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Research published in Nature Communications suggests that individual beliefs about authority and justice can be influenced through workplace meetings in which workers are encouraged to participate.
Attitudes about authority and social justice are often thought to be lasting, stable traits that stem from early life experiences and are typically passed down generations.
A second school of thought, on the other hand, posits that these types of beliefs can be swayed through social interventions, for example, in the workplace. In two experimental studies, researchers Sherry Jueyu Wu and Elizabeth Levy Paluck set out to examine whether participatory workplace meetings can influence employee beliefs about authority and social justice.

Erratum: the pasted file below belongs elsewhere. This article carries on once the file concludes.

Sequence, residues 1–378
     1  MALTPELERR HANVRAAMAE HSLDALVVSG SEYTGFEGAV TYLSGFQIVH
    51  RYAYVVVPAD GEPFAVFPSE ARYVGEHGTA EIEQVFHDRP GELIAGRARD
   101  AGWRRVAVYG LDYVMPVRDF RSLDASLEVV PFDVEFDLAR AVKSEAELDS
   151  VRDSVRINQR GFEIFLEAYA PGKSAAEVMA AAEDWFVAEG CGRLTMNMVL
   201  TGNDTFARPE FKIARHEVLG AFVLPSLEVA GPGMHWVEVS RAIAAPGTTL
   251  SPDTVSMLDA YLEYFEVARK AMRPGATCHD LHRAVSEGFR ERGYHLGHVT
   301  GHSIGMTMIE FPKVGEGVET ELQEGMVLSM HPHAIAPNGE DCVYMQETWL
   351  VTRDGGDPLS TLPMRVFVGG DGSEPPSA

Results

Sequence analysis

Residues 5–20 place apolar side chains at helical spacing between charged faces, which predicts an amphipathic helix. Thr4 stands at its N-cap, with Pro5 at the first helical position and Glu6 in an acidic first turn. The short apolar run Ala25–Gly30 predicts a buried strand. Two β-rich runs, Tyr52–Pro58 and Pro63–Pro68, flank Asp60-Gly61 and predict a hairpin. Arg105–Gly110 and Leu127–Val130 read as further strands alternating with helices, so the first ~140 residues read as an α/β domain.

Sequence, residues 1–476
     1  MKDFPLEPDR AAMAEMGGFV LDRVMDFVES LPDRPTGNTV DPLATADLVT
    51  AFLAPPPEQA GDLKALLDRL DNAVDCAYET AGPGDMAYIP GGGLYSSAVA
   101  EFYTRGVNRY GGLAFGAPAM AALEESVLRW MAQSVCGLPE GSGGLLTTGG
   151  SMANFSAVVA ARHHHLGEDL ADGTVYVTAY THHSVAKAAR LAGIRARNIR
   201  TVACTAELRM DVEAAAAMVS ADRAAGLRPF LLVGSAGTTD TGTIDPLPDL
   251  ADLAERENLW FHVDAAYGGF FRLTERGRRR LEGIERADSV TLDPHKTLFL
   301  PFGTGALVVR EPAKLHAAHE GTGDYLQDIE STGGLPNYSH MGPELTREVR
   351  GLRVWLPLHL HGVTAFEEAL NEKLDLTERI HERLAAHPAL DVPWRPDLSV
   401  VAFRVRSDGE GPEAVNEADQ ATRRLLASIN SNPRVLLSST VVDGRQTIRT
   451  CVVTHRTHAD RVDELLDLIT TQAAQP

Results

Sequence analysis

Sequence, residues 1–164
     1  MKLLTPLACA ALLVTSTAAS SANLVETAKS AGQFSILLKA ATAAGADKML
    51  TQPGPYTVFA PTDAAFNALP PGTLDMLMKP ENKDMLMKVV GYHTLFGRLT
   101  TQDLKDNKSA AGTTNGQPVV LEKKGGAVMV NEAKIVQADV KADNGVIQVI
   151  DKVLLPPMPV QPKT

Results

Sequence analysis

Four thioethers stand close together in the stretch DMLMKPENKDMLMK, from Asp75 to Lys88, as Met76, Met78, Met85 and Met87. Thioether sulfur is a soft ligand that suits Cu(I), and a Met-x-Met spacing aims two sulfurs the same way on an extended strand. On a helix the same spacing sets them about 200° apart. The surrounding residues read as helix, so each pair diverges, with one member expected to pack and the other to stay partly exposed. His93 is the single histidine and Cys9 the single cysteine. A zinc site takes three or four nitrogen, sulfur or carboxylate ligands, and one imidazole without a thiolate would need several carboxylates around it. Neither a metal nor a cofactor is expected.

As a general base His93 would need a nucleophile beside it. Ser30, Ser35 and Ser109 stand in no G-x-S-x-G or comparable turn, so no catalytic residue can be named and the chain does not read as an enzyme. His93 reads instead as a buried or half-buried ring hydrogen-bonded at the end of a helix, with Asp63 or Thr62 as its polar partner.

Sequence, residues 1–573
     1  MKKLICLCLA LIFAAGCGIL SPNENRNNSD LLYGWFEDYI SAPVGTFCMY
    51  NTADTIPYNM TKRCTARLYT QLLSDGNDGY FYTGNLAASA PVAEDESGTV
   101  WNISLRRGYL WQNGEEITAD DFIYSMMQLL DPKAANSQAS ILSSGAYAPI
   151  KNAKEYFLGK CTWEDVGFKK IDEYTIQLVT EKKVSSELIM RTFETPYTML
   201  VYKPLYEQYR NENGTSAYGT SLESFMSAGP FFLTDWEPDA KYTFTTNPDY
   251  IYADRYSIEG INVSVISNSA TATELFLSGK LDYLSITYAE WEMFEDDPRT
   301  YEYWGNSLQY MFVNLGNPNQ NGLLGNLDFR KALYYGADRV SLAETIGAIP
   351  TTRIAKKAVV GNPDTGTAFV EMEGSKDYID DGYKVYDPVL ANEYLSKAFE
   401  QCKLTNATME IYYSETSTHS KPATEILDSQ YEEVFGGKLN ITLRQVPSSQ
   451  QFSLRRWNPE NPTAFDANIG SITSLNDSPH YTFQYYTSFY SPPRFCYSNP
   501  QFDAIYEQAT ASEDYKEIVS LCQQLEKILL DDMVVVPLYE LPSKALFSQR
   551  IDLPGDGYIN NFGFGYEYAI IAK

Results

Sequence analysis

An initial study was conducted among 1,752 workers at a textile factory in China. The sample was 94% female and participants were an average of 32 years old. Half the participants were randomly assigned to attend a weekly participatory meeting for six weeks, while the other half attended their usual morning meetings.
The participatory meetings were 20-minute long group discussions where workers were encouraged to share their work experiences and offer personal strategies.
Four weeks after the intervention, all factory workers completed a survey measuring their participation in society and attitudes toward […]